Latest Endangered Species Act regulation could cause many headaches
By Keevin Lemenager, Chair
ISA Membership & Policy Committee
As the chair of the ISA’s Membership and Policy Committee, I will sometimes receive an early warning of policies and regulations that could negatively affect Indiana farmers before they become law. Often, these warnings are merely “smoke” and are not a genuine concern. Other times, the worry carries enough weight that I feel the need to tell everyone I know.
The more I learn about the U.S. Environmental Protection Agency’s (EPA) Vulnerable Listed Species Pilot Project of the Endangered Species Act, the more I want to alert Indiana farmers to the potential trouble this could create. The EPA’s plan is to apply pesticide restrictions to protect 27 listed plant and animal species in designated zones around the country. Compared to other states, Indiana has relatively few restriction zones; however, the zones that do exist still cover thousands and thousands of farmland.
EPA seeks to install broad, sweeping restrictions to protect these 27 species, and that will greatly affect the ability of farmers to use many pesticides to protect their crops. A recent proposal by EPA includes the following restrictions on farmers in these restricted zones:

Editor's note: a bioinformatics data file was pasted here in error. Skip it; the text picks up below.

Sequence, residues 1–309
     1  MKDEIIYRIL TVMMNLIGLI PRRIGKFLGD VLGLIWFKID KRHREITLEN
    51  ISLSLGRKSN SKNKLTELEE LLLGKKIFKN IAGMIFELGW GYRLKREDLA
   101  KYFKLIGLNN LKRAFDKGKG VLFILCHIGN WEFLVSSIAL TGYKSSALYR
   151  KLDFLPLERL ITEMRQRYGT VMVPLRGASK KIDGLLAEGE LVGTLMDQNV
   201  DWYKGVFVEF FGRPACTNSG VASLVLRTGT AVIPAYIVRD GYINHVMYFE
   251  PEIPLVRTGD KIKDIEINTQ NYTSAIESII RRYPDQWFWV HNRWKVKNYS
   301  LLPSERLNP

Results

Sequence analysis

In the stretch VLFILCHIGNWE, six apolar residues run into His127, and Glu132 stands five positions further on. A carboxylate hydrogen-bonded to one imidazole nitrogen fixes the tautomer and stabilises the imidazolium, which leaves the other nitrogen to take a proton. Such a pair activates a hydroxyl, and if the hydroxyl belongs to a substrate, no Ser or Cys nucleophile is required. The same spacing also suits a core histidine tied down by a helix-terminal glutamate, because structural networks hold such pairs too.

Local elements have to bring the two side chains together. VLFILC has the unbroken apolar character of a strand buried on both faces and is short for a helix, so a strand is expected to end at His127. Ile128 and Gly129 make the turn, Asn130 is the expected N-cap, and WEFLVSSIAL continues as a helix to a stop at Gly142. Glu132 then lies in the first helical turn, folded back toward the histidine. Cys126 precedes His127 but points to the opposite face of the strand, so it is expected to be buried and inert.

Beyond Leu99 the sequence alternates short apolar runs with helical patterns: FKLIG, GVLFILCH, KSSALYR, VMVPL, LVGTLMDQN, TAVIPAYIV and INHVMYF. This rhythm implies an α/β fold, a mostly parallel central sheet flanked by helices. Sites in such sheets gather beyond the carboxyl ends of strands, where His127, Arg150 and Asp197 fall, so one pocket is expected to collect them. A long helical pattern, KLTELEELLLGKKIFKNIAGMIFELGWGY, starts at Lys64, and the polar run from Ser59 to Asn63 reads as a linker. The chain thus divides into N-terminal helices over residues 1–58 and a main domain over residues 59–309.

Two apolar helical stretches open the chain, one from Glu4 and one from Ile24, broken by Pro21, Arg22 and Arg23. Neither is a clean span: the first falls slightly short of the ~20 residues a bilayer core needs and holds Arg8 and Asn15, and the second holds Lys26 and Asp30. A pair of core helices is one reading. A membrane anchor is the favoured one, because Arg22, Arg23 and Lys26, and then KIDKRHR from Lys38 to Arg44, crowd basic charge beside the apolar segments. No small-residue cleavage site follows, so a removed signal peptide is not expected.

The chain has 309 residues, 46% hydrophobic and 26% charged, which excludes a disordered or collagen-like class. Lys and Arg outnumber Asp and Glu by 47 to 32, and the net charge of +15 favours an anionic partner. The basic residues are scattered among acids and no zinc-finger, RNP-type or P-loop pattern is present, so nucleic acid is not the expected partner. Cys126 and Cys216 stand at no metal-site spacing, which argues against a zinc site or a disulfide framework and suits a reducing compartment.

- No one can apply pesticides 48 hours before or after a rainfall.
- Farmers must consult the Fish and Wildlife Service three months prior to making any pesticide application on their land.
- Farmers must incorporate four conservation practices to minimize runoff including no-till, vegetative filter strips, contour terracing and riparian buffers.
- Farmers must have 200-foot spray drift buffers for ground sprayers and 600-foot drift buffers for aerial applications.
If farmers or pesticide applicators don’t comply with these rules, they could be subject to civil or criminal penalties of up to $50,000 or a year in jail.
Whether intended or not, the result of this policy is to take away a tool that farmers use to protect their crops.
Among the frustrations is that the Endangered Species Act (ESA) was not designed to manage pesticide regulations. This law was written to manage individual infrastructure projects – such as building a bridge over the habitat of an endangered animal. The law directs federal agencies to come up with ways to build without harming those animals.
Nevertheless, federal court rulings have applied the ESA to regulate pesticides. For many years, EPA has not conducted thorough ESA assessments in pesticide registrations. This has allowed environmental groups to sue the EPA with the result of many pesticides being eliminated by federal judges – ending farmers’ access to these tools.
These pesticides are registered for dozens of crops and used on hundreds of millions of acres across the country and interest with nearly all 1,600 ESA species in their habitats. Farmers need to stay involved in this issue. We need to protect our crops from a different threat.
Stay engaged with our policy organizations to help prevent regulations likes these from becoming law.